Campylobacteriosis refers to the group of the infections caused by gram-negative
bacteria of the genus Campylobacter. Among the most common bacterial infections of humans
in all parts of the world, campylobacters cause, both diarrhoeal and systemic illnesses and are
highly associated with gastritis and peptic ulcer disease. Originally isolated from aborted sheep
fetuses in 1909, these and similar organisms were called Vibrio fetus. There are now 14
recognised species within the genus. Three types of illnesses are associated with
Campylobacter species-enteric (C. jejuni), extraintestinal (C. fetus), and gastric (C. pylori).
Campylobacteriosis is a worldwide zoonosis. The vast reservoir in animals is probably
the ultimate source for most enteric Campylobacter infections of humans. Direct contact with
infected animals may result in transmission. Household pets, especially young dogs and cats
with diarrhea, have been implicated as vectors for campylobacteriosis. Since healthy dogs, cats,
rodents, and birds may excrete campylobacters.
As with other enteric pathogens, fecal-oral person-to-person transmission of C. jejuni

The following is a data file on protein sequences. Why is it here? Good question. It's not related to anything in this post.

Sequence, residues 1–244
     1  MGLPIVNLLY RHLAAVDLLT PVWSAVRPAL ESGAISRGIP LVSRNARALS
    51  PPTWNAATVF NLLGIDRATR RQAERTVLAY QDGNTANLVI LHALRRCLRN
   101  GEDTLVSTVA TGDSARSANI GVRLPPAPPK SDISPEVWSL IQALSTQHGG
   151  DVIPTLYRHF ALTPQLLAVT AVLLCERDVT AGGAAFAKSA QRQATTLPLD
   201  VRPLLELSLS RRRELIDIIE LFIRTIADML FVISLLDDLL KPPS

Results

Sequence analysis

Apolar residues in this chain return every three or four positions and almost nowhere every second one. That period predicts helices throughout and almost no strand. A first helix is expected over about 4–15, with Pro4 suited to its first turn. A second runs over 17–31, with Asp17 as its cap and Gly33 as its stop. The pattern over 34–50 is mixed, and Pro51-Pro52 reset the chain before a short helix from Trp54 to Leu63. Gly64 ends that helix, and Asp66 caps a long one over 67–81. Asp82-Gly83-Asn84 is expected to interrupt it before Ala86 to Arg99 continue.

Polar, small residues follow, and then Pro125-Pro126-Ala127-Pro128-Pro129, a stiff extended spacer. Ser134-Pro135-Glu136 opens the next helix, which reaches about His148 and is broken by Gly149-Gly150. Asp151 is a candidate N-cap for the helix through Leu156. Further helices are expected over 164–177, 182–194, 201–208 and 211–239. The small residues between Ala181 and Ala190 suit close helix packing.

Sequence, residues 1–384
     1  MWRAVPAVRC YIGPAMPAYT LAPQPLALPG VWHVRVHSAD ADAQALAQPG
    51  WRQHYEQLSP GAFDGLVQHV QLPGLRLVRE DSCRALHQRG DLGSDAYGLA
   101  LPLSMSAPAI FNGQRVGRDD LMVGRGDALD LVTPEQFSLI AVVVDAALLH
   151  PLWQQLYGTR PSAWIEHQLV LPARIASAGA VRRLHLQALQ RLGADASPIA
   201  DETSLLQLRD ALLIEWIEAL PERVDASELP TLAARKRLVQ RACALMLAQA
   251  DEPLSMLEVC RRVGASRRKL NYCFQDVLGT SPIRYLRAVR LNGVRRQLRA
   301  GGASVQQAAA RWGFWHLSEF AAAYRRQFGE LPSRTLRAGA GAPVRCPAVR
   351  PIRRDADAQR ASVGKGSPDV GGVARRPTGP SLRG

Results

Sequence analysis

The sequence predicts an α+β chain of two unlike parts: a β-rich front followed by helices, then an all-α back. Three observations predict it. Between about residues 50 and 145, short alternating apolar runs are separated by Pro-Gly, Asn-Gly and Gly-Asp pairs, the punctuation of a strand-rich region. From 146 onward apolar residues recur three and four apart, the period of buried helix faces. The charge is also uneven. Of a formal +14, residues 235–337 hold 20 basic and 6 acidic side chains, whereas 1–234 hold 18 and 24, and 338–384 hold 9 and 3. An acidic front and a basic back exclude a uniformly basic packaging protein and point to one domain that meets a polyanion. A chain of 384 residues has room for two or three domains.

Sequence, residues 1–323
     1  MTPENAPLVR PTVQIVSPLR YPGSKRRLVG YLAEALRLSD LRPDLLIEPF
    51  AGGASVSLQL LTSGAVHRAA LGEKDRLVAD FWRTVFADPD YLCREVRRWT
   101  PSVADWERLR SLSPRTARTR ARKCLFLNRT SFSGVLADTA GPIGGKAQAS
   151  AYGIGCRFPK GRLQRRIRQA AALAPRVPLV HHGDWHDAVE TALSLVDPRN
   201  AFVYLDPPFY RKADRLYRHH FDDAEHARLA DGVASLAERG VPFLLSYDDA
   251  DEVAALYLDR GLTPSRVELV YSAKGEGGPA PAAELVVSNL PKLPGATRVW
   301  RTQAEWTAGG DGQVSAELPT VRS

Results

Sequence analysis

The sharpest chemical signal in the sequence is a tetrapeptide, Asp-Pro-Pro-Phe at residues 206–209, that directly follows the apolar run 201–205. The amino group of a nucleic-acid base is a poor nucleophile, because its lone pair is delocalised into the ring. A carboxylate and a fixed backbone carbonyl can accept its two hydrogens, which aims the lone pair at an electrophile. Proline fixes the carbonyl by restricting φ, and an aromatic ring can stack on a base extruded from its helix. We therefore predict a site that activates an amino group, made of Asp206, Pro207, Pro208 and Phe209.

has been reported. Perinatal transmission, from a mother who was not necessarily symptomatic
may be due to exposure in utero, during passage through the birth canal, or during the first days
of life. Among exposed persons who become ill, the incubation period varies from 1 to 7 days,
a characteristic that is probably inversely related to the dose ingested. Often there is prodrome
with fever, headache, myalgia, and malaise 12-24 hours before the onset of intestinal
symptoms. The most common symptoms are diarrhea, malaise, fever and abdominal pain.
Diarrhea myay vary from loose stools to massive watery stools or grossly bloody stools.
Relapses may be seen in 5-10 % of untreated patients.
C. fetus has been shown to cause a variety of other types of localized infections,
including septic arthritis, spontaneous bacterial peritonitis, salpingitis, lung abscess, empyema,